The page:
Posted in Big brother..., China, Counterfeits and such, Food, Let me educate you..., Product Quality, Ranting in general | Tagged: , , | 8 Comments »

Censorhip in China- Blocking Websites to Make a Safer China

Posted by w_thames_the_d on December 29, 2009

A novel way to create jobs, protectionism, or just plain evil dictatorship? (article here)

The article mentioned addresses the issue that the Chinese government may/could require internet websites to register with them so as to not be excluded by the ‘great firewall of China’. Basically this means that sites would have to prostrate themselves to the government, negotiate the turns and twists of the PRC governmental machine, only to be accepted and included in searches in China. WTF??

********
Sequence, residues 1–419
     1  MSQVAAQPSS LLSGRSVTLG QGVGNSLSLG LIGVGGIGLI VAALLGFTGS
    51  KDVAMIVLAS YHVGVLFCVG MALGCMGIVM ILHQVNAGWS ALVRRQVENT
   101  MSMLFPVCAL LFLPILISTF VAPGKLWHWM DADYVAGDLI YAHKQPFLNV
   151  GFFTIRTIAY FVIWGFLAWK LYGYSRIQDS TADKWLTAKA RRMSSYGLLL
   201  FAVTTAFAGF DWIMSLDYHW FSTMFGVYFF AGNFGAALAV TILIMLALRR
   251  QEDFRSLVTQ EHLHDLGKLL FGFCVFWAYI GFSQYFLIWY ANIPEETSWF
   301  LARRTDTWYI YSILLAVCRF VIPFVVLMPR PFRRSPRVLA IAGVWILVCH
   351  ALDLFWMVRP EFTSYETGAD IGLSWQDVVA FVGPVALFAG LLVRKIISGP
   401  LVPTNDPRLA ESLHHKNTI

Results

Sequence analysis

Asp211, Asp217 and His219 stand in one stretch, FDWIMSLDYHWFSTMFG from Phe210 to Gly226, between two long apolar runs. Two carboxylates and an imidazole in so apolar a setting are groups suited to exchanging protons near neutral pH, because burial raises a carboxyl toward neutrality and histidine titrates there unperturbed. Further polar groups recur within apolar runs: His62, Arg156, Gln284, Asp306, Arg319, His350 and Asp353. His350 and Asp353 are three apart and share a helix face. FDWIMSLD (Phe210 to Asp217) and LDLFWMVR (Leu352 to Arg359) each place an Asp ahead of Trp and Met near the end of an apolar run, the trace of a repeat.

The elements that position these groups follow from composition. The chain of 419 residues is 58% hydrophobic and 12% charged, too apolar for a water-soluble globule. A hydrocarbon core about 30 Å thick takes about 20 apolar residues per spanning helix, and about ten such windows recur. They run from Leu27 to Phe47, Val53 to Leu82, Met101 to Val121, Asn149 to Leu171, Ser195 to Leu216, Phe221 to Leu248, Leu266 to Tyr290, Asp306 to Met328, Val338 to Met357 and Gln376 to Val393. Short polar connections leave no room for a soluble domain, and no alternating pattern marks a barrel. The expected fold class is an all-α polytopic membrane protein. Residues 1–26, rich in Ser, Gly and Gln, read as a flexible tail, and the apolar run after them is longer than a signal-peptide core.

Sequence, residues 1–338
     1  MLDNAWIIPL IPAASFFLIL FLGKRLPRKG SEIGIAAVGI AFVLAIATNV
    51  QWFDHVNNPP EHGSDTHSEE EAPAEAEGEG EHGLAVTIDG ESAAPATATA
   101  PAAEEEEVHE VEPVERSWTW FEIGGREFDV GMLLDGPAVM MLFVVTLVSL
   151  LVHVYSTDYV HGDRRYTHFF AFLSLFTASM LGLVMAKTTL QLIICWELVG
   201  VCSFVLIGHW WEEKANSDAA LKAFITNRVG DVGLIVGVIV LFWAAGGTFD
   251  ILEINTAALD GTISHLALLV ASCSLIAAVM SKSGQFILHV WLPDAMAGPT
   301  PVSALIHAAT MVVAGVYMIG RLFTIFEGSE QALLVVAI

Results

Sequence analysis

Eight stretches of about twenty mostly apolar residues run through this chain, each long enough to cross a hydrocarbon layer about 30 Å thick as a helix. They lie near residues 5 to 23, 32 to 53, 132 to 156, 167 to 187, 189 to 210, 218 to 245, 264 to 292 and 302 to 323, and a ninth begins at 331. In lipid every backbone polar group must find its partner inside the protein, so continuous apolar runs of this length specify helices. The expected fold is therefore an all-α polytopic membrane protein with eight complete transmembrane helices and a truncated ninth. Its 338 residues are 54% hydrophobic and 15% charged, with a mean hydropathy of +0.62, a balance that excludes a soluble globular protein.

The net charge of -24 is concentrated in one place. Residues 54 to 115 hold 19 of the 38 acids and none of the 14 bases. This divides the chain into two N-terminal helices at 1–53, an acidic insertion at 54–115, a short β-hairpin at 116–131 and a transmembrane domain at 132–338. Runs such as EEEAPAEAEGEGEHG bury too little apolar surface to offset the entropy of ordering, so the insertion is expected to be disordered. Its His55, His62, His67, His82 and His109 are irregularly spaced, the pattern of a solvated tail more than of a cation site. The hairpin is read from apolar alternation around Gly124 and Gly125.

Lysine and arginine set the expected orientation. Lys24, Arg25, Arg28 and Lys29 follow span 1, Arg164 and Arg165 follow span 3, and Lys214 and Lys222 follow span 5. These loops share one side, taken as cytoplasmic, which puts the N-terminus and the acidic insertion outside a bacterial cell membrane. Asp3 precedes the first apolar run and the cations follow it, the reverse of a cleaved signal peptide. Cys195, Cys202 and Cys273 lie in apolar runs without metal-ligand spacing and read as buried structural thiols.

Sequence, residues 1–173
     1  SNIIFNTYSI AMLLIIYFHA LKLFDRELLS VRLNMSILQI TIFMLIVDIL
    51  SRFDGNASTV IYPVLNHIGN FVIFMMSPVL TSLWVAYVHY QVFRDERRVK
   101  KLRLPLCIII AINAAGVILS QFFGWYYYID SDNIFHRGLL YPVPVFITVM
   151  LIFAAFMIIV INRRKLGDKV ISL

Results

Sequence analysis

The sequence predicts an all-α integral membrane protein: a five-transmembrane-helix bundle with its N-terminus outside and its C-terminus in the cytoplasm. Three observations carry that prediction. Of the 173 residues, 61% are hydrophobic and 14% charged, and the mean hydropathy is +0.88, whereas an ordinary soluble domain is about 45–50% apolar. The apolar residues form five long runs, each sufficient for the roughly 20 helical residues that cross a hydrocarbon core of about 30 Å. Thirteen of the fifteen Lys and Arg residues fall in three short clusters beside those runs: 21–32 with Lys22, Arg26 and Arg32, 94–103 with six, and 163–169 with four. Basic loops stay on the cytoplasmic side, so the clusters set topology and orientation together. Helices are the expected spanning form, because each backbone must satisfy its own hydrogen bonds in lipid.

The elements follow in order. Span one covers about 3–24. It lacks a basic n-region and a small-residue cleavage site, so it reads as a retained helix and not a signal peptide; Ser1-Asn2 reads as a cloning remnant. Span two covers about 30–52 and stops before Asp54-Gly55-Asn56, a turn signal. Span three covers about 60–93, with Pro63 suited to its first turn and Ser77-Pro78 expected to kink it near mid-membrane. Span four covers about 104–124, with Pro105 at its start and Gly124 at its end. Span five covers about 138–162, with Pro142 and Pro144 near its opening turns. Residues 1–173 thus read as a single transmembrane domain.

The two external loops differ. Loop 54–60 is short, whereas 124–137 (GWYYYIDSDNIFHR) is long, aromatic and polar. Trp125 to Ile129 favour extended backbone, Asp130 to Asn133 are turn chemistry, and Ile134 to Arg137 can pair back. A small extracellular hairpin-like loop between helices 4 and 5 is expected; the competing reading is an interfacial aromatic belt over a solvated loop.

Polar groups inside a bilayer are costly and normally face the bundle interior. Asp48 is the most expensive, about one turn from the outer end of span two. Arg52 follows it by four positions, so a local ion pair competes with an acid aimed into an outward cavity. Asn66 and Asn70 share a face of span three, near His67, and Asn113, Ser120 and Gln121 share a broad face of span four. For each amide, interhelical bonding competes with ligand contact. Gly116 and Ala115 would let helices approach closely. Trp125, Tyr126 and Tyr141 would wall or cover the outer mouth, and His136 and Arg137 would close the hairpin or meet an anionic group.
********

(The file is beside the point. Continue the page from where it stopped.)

1- is this a way to create jobs? Could be, the article states that there are over 113 million web domains just in the .com, .net etc sphere. The article states it would be a daunting task to catalog all of those names then register them. Not really, China has 1.3 billion people, so just give a domain to half of them, problem solved!

2-is it a way to make money. Hm, lets see, by blocking all of those evil foreign sites (youtube, twitter, some blog sites)- from their links to porn nonetheless, China unwittingly is bolstering its indigenous sites and revenues. (for example, although youtube is a world leader in video search, in China many have not ever heard of it, but choose to use youkou- a site that sounds freakishly similar, and no doubt will and does enjoy a high level of brand recognition which increases daily. )

3-is it just plain evil dictatorship. In this authors opinion (jaded?), blocking of information is prima facie evidence of evil or oppression…